Israel reopened the Kerem Shalom Crossing into Gaza and extended the Strip’s permitted fishing zone on Wednesday morning, after several days of rare calm along Israel’s restive border with the enclave.
Hundreds of trucks full of goods were expected to enter the Gaza Strip throughout the day.
The move was announced by the military Wednesday morning, a day after Defense Minister Avigdor Liberman said he would ease the restrictions if calm along the border continued to hold.
“Maintaining the quiet is first and foremost in the interest of Gaza residents,” Liberman said Tuesday, after meeting with senior defense officials.
Israel closed the Kerem Shalom Crossing, the main goods crossing into the beleaguered Palestinian enclave, on July 9 to everything but food and medical equipment, following weeks of violence along the border, including arson attacks.
Israel also severely restricted the Gaza fishing zone, a significant source of revenue for the beleaguered enclave, forcing Palestinian fisherman to remain within three nautical miles (3.5 miles) of the coast.
Fuel and gasoline shipments into the Strip have been allowed at some points and frozen at others, depending upon the intensity of attacks from the Strip.
The army said Wednesday morning, Kerem Shalom was returning to full operations and Gazan fishermen were allowed to travel nine nautical miles (10.4 miles) off the coast, as per orders issued by Liberman.
The crossing reopened at 9 a.m.
“Following the decision of the Minister of Defense, Mr. Avigdor Liberman, in consultation with the Chief of the General Staff, Lt. Gen. Gadi Eisenkot, the main cargo crossing into Gaza, the Kerem Shalom crossing, will be re-opened this morning for full activity,” the army said.
“In addition, the designated fishing zone off the Gaza Strip will be expanded to nine nautical miles,” the military said.
IDF Chief of Staff Gadi Eisenkot, National Security Adviser Meir Ben-Shabbat, Coordinator of Government Activities in the Territories Kamil Abu Rokon, a representative from the Shin Bet security service and other senior security officials met with the defense minister on Tuesday to discuss reopening the crossing and putting in place other economic incentives if there is an end to violence from the coast enclave, Liberman’s office said.
Recent months have seen regular clashes on the border, occasional barrages of rocket and mortar fire, as well as near-daily arson attacks in which kites and balloons carrying incendiary devices have been launched toward southern Israel.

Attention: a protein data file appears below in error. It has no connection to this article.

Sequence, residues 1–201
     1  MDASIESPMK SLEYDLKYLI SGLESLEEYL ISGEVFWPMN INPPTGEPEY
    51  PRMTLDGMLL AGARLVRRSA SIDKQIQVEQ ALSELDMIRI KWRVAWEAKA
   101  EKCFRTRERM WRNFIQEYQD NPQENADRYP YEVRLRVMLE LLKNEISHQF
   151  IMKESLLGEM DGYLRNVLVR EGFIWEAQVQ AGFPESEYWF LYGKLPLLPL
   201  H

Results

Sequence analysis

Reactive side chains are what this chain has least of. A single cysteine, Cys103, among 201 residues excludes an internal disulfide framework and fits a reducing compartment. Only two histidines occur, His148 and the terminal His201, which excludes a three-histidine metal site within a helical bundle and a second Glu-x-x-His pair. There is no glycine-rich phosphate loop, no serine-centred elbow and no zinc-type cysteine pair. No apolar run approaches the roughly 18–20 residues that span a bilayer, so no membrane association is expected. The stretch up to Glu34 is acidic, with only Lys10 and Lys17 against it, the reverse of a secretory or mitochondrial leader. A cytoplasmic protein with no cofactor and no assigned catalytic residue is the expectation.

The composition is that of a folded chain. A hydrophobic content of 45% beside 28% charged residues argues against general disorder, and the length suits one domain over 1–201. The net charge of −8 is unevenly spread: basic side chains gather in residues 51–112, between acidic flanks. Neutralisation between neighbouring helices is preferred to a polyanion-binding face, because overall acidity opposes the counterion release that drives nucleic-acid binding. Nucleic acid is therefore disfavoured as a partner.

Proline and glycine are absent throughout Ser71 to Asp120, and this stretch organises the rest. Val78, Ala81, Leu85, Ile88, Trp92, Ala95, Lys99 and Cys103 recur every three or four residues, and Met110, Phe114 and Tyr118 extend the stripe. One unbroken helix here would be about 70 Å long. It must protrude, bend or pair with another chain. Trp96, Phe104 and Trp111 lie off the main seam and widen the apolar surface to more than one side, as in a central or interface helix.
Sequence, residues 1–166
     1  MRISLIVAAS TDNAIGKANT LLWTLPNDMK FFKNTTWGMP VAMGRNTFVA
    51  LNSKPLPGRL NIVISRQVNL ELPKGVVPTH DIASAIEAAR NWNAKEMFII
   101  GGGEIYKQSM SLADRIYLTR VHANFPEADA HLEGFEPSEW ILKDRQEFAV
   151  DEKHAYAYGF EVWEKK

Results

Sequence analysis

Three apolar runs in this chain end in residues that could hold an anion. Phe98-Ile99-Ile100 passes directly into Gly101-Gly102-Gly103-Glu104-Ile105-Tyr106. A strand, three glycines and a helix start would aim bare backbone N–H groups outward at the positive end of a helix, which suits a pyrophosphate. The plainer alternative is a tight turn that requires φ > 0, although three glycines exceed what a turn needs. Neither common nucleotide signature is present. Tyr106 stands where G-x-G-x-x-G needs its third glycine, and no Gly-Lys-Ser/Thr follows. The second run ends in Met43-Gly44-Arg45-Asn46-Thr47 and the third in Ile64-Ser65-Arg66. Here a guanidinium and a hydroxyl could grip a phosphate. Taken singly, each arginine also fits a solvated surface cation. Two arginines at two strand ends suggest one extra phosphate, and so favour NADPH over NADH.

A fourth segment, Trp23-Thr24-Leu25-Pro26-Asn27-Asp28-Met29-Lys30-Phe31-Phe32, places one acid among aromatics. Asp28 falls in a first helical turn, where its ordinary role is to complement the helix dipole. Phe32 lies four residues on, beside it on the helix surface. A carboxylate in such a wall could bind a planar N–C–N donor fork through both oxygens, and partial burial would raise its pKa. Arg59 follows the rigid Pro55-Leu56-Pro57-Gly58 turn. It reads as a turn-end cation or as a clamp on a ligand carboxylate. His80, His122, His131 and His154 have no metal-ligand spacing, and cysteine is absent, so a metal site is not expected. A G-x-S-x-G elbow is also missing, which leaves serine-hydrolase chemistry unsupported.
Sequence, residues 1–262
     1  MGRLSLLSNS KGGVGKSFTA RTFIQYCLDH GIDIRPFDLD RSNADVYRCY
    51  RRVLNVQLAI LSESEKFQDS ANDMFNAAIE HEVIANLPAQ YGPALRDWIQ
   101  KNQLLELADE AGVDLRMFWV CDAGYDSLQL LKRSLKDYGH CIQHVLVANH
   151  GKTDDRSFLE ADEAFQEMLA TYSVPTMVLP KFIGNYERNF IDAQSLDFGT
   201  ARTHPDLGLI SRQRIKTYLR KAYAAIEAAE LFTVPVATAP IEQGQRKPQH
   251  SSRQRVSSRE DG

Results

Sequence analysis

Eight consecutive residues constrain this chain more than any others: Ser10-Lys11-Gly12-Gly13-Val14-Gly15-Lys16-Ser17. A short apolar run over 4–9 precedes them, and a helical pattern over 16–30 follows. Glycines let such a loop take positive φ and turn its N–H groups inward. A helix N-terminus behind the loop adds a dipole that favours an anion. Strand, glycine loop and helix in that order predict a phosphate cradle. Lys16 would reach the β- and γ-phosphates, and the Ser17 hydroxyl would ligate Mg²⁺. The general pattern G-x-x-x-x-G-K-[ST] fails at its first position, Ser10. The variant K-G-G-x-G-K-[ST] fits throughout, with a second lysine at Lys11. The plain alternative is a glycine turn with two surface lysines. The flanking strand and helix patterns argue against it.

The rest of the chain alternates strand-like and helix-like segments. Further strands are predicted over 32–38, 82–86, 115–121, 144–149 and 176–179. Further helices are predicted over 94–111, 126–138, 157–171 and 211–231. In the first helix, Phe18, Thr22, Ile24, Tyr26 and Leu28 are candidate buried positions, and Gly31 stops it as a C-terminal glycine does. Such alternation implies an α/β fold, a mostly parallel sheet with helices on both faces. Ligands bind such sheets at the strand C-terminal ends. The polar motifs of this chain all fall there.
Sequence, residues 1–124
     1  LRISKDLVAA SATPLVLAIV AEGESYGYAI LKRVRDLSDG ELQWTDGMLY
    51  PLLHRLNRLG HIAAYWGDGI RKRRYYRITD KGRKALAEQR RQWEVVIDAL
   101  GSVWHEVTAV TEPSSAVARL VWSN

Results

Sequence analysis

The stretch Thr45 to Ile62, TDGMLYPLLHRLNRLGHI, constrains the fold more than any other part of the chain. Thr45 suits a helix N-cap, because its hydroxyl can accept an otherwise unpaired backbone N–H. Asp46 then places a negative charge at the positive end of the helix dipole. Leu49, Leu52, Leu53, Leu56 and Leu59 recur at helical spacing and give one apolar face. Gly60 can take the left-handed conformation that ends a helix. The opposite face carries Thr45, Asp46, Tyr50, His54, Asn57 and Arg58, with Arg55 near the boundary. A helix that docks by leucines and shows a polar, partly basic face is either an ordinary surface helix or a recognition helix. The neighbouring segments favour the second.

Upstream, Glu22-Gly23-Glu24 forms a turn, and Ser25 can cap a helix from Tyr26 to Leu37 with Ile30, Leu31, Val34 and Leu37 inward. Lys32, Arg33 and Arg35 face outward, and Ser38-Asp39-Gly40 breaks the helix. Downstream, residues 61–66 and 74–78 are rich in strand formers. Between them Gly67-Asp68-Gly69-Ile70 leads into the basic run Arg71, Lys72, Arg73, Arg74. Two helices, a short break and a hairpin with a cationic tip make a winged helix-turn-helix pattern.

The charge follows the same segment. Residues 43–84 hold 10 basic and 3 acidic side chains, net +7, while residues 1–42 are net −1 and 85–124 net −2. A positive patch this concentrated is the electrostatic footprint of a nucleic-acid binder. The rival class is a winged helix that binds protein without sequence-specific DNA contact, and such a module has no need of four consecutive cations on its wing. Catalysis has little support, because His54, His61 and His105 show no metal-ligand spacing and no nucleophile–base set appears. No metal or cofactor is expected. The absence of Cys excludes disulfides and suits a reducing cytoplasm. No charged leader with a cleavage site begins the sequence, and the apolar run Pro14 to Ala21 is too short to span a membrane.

Over 7,000 acres of land have been burned in these attacks since March 30, causing millions of shekels in damages, according to Israeli officials.
This week, Israeli authorities noted a significant drop in incendiary kite and balloon attacks from the Palestinian enclave.
On Sunday evening, a spokesman for the Israeli Fire and Rescue Services said that Sunday marked the first day in several months that no fires had been caused by incendiary balloons flown from Gaza toward Israeli communities bordering the coastal enclave. However, he later said it appeared that at least one fire was started by the the arson devices.
The Fire and Rescue Services said one fire was started on Monday in Israeli territory by an incendiary balloon. However, a security source disputed that the blaze was started by arson.
Senior Israel officials maintain the country has not agreed to a ceasefire that Hamas announced late Thursday and said went into effect at midnight. Hamas, a terror group that seeks to destroy Israel, claims the deal was mediated by Egypt and other regional players.
The apparent truce came after two days of spiraling violence that saw some of the heaviest exchanges of fire between Israel and the Gaza terrorist organization since 2014’s Operation Protective Edge. During the flareup, Hamas fired over 150 rockets and mortars into southern Israel which responded with about the same number of air strikes on Hamas targets in Gaza.
Senior Israeli officials have said that “quiet will be met by quiet,” implying that the country is not seeking an escalation of violence, but has not openly committed to an end to hostilities. Instead, military officials hope the terror group has internalized the damage Israel can cause to its infrastructure.
Despite the apparent truce and reprieve in rocket fire, violence has continued on the border, and Israeli tanks struck two Hamas posts in the Gaza Strip Friday evening after a grenade was hurled at troops and amid intense violence during mass riots in several locations along the border.
Around 9,000 Palestinians participated in the violent weekly border protests. Some protesters rioted near the fence, threw makeshift bombs, Molotov cocktails and rocks at Israeli soldiers, and burned tires to create a smokescreen. In one incident, a grenade was thrown at Israeli troops, but caused no casualties. Several attempts were made to breach the security fence.
The Hamas-run Gaza health ministry said three Palestinians were killed in Friday’s violence.
Since March, there have been near-weekly, violent protests along the Israel-Gaza border organized by Gaza’s Hamas rulers, leading to escalations involving rockets fire on Israel and reprisal air strikes.
The deadly border clashes have seen Israeli security forces facing gunfire, grenades, Molotov cocktails, and efforts — sometimes successful — to damage or penetrate the border fence. Last month, an Israeli soldier was killed by a sniper. According to the Hamas-run Gaza health ministry, over 150 Palestinian haves been killed in the violence. Hamas has admitted that dozens of the fatalities were its members or those belonging to other Gaza terror groups.
Times of Israel staff contributed to this report.